Direct discrimination: Making sure you claim against the right person

August 2015

The recent Court of Appeal decision in CLFIS (UK) v Reynolds, indicate that employees intending to bring direct discrimination claims should consider whether the evidence relied upon by the decision-maker which significantly influenced his decision, such as reports or appraisals prepared by others, can be shown to be discriminatory, and whether individuals whose views or reports have had a significant influence on the decision-make should be included as respondents.

Although this judgment deals with the law under the now repealed Employment Equality (Age) Regulations 2006, the relevant law is essentially the same under the Equality Act 2010 and therefore the principles are equally applicable to the law as it now stands.

Background law

Under the Equality Act 2010, a person directly discriminates against another person where:

  1. he treats him less favourably than he treats or would treat others, and
  2. he does so because of a protected characteristic, one of which is age

This replaces the now repealed Employment Equality (Age) Regulations 2005, where the less favourable treatment was required to be ‘on the grounds of’ age.  It is considered that the change of working in the Equality Act 2010 to has not made any material change to the relevant law.

It must be established that the protected characteristic is the cause of the treatment.

Uniquely, where the protected characteristic is age, an employer may avoid a finding of direct discrimination where the less favourable treatment can be shown to be a proportionate means of achieving a legitimate aim.

The facts

In CLFIS (UK) v Reynolds, the claimant, worked for the respondent, Canada Life, on a consultancy basis as the respondent’s Chief Medical Officer (CMO).

In late 2009, a report was prepared by two employees of the respondent which identified perceived deficiencies with the claimant’s performance and this provided the basis for a presentation to the respondent’s most senior manager in the UK.  The presentation did not expressly recommend dismissal, but this was the understanding that the senior manage took from the presentation.  As a result of the presentation, he decided that the claimant was not providing the respondent with the services it needed and could no longer be CMO.  The claimant was accordingly given notice that her consultancy agreement wold terminate.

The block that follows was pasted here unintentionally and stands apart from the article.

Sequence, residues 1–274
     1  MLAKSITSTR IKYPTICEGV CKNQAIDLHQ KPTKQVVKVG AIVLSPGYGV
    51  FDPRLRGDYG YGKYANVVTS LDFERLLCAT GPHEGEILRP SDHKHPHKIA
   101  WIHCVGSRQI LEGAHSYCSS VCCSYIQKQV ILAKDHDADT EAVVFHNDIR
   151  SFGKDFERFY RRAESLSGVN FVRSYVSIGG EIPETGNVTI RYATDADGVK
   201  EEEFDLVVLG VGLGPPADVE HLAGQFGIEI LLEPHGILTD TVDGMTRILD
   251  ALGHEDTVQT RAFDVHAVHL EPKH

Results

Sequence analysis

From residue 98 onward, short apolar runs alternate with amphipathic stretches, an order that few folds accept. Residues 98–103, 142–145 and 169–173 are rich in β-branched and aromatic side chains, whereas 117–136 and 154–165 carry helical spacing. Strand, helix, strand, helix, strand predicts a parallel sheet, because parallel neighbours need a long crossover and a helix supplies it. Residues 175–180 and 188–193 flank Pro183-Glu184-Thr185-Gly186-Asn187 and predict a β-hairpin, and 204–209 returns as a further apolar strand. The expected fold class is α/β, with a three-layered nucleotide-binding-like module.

The claimant brought a claim under the Employment Equality (Age) Regulations 2006 that the decision to terminate her contract was unlawful because it was taken on the grounds of age. The respondent argued that the termination was not on the grounds of age.

The tribunal dismissed the claim. It found that the senior manager genuinely held the view that the claimant was not providing the level of support required and would not make the necessary changes to enable her to do so.  His decision, therefore, was no inherently age-based.  The tribunal concluded that the principal reason for the termination of the contract was that the respondent was unhappy with the service provided by the claimant and there was no direct link between those deficiencies, as identified in the presentation, and the claimant’s age.  The senior manager genuinely believed from his own knowledge of the claimant that she was unlikely to change to adapt to the new requirements of the respondent and had not made any assumptions on age.

The EAT allowed the claimant’s appeal, holding that, in a direct discrimination claim, where the decision-maker’s decision to terminate has been shaped and informed by the views of others, the tribunal cannot focus entirely on the mental processes of the person who took the decision, but must also consider the mental processes of those other persons who had influenced the decision in a significant way.  The respondent appealed to the Court of Appeal.

The Court of Appeal allowed the respondent’s appeal and restored the employment tribunal’s dismissal of the claim.  This was not a case where there were joint decision-makers.  This was a case of ‘tainted information’ where an act which was detrimental to a claimant was done by an employee who was innocent of any discriminatory motivation but who had been influenced by information supplied, or views expressed, by another employee whose motivation was, or was said to have been, discriminatory.

The Court of Appeal’s judgment makes it clear that when considering claims of direct discrimination, the actions of the decision-maker must be considered separately from any acts and/or opinions of others who have influenced his decision.  A potential claimant may therefore wish to consider bringing an action against the influencer (and his employer) rather than the decision-maker.

If you require assistance of any employment law matter, then please contact our Employment Law expert, Albert Bargery.


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